Studies in several countries recently hinted that snakes may be declining worldwide, in much the same manner as has been shown for scores of amphibian species (please see article below). This month (October, 2010), scientists at the University of Arizona have documented massive declines in both snakes and lizards in a well-protected reserve, adding to fears that major extinctions lie ahead.
Frightening Similarity to Earlier Studies
Populations of 8 snake and 6 lizard species in Arizona’s Organ Pipe National Park were found to have declined by 50% between 1998 and 2002, and have not recovered. The reptiles in question had been monitored carefully for 22 years, so accurate baseline numbers were available. The species that showed significant declines included Regal Horned, Zebra-Tailed and Red-Back Whiptail Lizards, Mojave and Western Diamondback Rattlesnakes, Gopher Snakes and King Snakes.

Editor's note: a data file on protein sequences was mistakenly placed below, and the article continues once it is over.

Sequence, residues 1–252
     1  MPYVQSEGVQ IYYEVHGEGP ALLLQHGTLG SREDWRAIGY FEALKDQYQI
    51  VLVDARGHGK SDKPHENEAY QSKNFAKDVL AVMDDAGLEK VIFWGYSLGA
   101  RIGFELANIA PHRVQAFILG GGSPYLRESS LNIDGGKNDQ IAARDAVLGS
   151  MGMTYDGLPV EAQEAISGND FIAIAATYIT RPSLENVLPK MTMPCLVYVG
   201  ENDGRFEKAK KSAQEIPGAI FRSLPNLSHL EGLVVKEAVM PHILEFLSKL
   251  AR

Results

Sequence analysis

These results echo those of studies conducted in Europe, Africa and Australia, where populations of 11 snake species crashed during the same years. In Mexico, local populations of 48 types of lizards have gone extinct since 1975.
Climate Change Implicated
While definite conclusions as to cause are impossible to draw, much of the available evidence points towards climate change. The study area has become hotter and drier in recent years, and the snakes and lizards that declined most precipitously were those sensitive to rising temperatures and drought.
You can learn more about southern Arizona’s reptiles and other wildlife, and find photos, here.
Please see Study Hints at Global Snake Decline for a summary of earlier research.